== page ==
As for the PA, she was never the one orchestrating the tactics (and manipulating the market through marketing isn't scammy, if you think that's the case, then there are a bunch of "celebrities" from YouTube, Instagram, and Reality TV who are also scammy, because they are doing the same thing - driving trends through concentrated efforts). She might have been administering them, but she wasn't the one orchestrating them or even spearheading them.
Well, good luck on that, honey!  That's like... what the whole genre is about.

 :) Honestly, IMHO his best play is  to move on to writing something else rather than trying to resuscitate a flop. Maybe to a genre that isn't so saturated with same ole, same ole.

I mean, his whole question is what can he try for this book isn't it? I think he's aware there are no guarantees, but I also think people have brought up a lot of potential problem points in the presentation.

Maybe if there's a consensus that everything looks great in the presentation "Sorry, write a different book" wouldn't have the same sting?
FREE - Cat Walk Diaries - Book 4 - Jade

The Cat Walk Agency hires models--only the most beautiful women are chosen. But there is another clandestine side-line business at this modeling agency. A few special women are hired for a short time by ‘men-of-means.’ The cost is high—it might be even higher for the women who are thus employed.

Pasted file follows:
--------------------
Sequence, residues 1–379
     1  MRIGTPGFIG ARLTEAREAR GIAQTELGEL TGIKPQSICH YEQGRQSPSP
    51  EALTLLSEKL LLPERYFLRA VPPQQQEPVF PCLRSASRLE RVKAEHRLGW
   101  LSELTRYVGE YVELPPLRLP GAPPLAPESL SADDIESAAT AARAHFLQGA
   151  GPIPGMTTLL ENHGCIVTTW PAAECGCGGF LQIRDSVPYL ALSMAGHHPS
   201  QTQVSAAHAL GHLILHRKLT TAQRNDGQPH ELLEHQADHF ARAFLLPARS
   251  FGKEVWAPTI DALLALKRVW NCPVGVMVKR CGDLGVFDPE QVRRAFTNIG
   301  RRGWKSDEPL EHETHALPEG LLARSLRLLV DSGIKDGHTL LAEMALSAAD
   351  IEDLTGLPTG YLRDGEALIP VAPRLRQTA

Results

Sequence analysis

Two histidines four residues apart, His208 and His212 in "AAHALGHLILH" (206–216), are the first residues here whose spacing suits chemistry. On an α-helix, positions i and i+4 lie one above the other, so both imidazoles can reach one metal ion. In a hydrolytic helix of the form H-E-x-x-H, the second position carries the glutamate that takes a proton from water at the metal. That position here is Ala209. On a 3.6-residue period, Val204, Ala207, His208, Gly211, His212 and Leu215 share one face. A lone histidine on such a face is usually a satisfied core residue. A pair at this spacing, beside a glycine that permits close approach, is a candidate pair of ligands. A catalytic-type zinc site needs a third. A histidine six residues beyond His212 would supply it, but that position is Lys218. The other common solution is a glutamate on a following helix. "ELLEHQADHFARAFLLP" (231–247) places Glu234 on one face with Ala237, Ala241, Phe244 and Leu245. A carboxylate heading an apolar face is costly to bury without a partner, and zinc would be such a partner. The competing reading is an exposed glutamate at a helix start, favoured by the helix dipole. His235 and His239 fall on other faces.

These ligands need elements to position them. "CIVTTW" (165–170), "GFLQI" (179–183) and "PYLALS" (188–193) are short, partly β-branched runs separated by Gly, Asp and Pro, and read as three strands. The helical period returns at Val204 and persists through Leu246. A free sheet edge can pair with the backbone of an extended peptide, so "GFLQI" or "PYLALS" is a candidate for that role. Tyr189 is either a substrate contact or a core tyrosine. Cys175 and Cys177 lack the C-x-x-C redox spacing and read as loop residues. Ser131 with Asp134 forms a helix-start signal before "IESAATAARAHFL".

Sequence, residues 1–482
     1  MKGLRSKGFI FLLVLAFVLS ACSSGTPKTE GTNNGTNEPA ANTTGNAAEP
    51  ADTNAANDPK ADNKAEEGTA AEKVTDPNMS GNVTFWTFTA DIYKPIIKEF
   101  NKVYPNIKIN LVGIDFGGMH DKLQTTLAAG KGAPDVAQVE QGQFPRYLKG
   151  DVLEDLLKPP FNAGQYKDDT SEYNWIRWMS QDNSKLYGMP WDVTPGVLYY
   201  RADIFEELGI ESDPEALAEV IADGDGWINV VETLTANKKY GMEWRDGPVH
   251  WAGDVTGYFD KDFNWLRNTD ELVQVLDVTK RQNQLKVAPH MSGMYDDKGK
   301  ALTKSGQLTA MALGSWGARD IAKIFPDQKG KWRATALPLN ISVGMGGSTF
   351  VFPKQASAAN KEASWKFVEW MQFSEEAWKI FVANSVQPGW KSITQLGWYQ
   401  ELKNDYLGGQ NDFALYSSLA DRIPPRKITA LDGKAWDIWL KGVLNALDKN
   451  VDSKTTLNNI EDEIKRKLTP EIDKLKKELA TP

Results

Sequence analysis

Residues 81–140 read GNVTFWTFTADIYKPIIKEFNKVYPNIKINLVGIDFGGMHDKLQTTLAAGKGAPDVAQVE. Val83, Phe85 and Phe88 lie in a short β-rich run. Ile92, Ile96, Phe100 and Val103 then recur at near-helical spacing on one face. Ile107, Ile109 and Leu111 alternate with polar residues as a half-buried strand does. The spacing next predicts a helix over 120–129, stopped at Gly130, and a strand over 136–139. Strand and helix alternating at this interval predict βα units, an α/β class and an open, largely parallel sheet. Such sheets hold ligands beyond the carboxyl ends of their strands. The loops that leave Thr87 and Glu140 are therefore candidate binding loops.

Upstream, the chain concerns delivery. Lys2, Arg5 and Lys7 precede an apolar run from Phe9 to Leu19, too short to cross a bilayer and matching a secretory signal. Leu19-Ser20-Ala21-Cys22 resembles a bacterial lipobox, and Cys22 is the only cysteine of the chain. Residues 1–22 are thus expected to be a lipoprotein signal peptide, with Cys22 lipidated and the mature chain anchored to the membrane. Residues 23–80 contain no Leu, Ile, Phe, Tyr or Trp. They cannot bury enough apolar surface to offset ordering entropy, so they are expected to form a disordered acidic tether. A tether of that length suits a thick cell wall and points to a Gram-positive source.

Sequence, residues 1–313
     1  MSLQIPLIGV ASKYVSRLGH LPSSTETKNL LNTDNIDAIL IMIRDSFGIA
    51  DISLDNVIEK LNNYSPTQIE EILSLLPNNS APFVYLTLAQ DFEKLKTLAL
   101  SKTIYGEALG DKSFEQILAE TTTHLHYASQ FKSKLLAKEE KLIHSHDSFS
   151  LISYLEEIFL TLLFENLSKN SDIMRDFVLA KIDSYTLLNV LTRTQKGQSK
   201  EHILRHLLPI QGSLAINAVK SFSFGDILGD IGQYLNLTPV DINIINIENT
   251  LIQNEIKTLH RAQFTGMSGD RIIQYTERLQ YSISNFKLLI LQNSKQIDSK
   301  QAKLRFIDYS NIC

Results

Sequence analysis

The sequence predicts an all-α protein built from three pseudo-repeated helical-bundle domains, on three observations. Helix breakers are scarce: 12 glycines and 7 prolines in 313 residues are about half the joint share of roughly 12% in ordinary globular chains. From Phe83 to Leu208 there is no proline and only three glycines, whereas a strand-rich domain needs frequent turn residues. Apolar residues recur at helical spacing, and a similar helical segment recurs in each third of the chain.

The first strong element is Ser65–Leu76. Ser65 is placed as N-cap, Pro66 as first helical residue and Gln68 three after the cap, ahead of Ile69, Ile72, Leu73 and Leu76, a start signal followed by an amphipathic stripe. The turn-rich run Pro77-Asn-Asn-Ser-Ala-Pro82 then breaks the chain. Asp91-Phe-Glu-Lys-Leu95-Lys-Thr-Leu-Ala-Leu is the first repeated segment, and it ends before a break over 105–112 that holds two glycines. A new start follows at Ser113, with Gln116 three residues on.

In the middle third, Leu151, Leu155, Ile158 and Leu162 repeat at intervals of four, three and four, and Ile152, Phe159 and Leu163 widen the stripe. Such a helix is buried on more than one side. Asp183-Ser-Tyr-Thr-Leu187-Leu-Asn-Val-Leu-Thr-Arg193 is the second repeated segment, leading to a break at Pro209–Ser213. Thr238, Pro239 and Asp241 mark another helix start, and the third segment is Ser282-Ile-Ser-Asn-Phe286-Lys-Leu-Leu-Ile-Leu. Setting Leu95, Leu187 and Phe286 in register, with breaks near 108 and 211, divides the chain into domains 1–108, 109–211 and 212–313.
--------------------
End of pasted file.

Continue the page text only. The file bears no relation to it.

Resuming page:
This is the story of Jade. She came from the US from China and has been working at the Cat Walk Modeling Agency for two years.  Her new client, Andrew, becomes addicted to her charms.

This novelette is sensual romance for adults over the age of 18. 
Hope the notes at least helped clarify some places where you can polish a bit more.

By narrative, I meant the general prose, not spoken dialog or italicized internal dialog. Since Yamato is the POV character, we're already in his head, so a lot of what you've structured as his thoughts feel weird in context. The italics mean he's, in a sense, speaking to himself in thought form. YMMV, but I'd imagine they'd probably come off better as his observations within the prose rather than internal dialog.

my editor said using italics to represent thoughts was ok. as long as i didn't write "he thought, thoughts thoughts thoughts"
in other words, it was ok as i long as i didn't write "he thought" and made the whole thought-segment italicized at the same time. writing "he thought" is redundant when the thought passage is italicized.. that's what she said